It is impossible to navigate this debate and discuss all the facets of the case satisfactorily in a blog post. I will limit my discussion to the Court’s use of the margin of appreciation- and consensus-arguments, and Austria’s reasons in support of its restrictive legislation as regards assisted reproduction. Continue reading

Bah v UK: on immigration, discrimination and worrisome reasoning

This post was co-authored by Lourdes Peroni and Alexandra Timmer

The Court recently ruled on the case of Ms. Bah, a Sierra Leonean woman with indefinite leave to remain in the UK, who asserted that she was discriminated against in the allocation of social housing. The Court’s reasoning in Bah v. UK gives ample food for thought. We find two aspects of the Court’s reasoning especially worrisome: the Court’s explicit references to the need of a ‘comparator’ and the Court’s use of the ‘immutability-criterion’.  Though these are familiar concepts within discrimination law, the Court has thankfully largely steered clear of them through the years. With this post we question the Court’s present recourse to these concepts. The comparator-approach and the immutability-criterion are potentially harmful and, moreover, we are of the opinion that the Court could have reached the same decision without relying so heavily on these concepts. Continue reading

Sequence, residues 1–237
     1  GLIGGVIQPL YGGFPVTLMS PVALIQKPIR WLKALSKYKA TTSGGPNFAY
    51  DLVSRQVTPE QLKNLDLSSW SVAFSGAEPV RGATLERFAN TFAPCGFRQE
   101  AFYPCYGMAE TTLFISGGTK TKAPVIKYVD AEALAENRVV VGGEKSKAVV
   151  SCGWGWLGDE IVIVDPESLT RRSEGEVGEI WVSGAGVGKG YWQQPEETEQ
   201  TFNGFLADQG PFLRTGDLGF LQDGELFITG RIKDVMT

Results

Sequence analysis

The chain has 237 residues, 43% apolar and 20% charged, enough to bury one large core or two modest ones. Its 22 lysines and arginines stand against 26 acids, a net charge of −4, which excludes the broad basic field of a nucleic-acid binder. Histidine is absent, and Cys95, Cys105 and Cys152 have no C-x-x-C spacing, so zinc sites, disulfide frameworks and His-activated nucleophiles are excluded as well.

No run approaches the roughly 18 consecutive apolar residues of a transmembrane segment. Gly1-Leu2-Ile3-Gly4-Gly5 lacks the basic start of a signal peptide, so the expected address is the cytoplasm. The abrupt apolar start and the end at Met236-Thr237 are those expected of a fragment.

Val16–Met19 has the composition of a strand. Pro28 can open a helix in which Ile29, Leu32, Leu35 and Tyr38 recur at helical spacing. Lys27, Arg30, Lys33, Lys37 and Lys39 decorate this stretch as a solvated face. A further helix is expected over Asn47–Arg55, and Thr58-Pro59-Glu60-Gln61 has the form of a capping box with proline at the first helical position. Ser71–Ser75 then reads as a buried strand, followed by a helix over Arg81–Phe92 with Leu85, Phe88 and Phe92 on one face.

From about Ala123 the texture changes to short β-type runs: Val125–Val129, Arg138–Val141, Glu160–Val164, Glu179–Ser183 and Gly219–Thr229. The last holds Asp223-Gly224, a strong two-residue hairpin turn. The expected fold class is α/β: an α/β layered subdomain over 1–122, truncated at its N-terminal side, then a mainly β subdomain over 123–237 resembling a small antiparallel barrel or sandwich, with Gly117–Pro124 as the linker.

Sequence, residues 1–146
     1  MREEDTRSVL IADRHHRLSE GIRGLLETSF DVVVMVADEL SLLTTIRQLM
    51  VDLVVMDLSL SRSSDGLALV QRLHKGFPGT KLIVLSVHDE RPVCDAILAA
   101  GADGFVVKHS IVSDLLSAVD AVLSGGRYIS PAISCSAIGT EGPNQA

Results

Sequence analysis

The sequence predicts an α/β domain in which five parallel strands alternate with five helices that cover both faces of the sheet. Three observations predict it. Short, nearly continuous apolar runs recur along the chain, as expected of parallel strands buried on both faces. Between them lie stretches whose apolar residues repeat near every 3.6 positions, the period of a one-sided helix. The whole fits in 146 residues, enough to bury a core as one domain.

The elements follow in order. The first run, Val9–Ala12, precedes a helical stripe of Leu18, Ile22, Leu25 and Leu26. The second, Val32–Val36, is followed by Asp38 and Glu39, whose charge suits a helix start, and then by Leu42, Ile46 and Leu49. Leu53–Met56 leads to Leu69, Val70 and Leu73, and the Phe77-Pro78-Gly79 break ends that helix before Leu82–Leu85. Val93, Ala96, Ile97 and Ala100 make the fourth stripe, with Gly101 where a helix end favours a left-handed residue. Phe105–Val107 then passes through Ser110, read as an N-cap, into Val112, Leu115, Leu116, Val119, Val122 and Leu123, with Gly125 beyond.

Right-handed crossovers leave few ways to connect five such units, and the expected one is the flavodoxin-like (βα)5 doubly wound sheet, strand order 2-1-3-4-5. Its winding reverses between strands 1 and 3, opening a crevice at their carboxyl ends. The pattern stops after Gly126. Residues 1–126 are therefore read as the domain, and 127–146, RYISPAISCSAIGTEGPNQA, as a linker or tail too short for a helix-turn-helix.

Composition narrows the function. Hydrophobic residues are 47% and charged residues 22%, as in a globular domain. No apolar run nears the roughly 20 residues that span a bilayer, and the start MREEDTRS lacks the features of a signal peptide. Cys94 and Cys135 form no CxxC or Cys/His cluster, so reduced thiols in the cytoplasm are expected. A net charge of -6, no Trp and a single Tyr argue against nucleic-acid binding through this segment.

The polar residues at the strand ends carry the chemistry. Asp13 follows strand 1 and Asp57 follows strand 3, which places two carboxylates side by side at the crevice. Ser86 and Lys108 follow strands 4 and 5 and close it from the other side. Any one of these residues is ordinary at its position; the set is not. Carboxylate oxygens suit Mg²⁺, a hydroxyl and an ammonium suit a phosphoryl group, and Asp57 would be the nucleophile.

The right to bury one’s relatives

In a recent judgement in the case of Girard v. France  (in French) the Court recognized a new right under Article 8 – the right to bury one’s relatives. This case involved three aspects of dealing with an individual’s remains under the Convention: returning the body to relatives, organizing and attending a funeral, and treatment of samples taken from the body for investigation purposes. The Court had dealt with these issues separately before. The outcome was different when the issues got mixed.  Continue reading

When is Family Life Family Life? A Look at Deportation Cases

In A.A. v. the United Kingdom, a recent case involving the deportation of a young Nigerian man, the Court faced, once again, the question whether relationships between adult children and parents/siblings amount to family life in deportation cases. The Court’s Fourth Section did not give a clear answer to this question. The 24-year-old applicant resided with his mother and did not have children of his own.

In this post, I take a quick look at the Fourth Section’s reasoning on this issue and try to situate it in the wider context of the Court’s deportation case law. One word of caution:  this is an attempt to briefly look at one specific question the Court asks to decide whether the deportation has interfered with an applicant’s right to respect for her family life. Do the ties invoked by the applicant constitute family life within the meaning of Article 8 § 1? To be more specific, do relationships between adult children and parents/siblings amount to family life in deportation cases?   Continue reading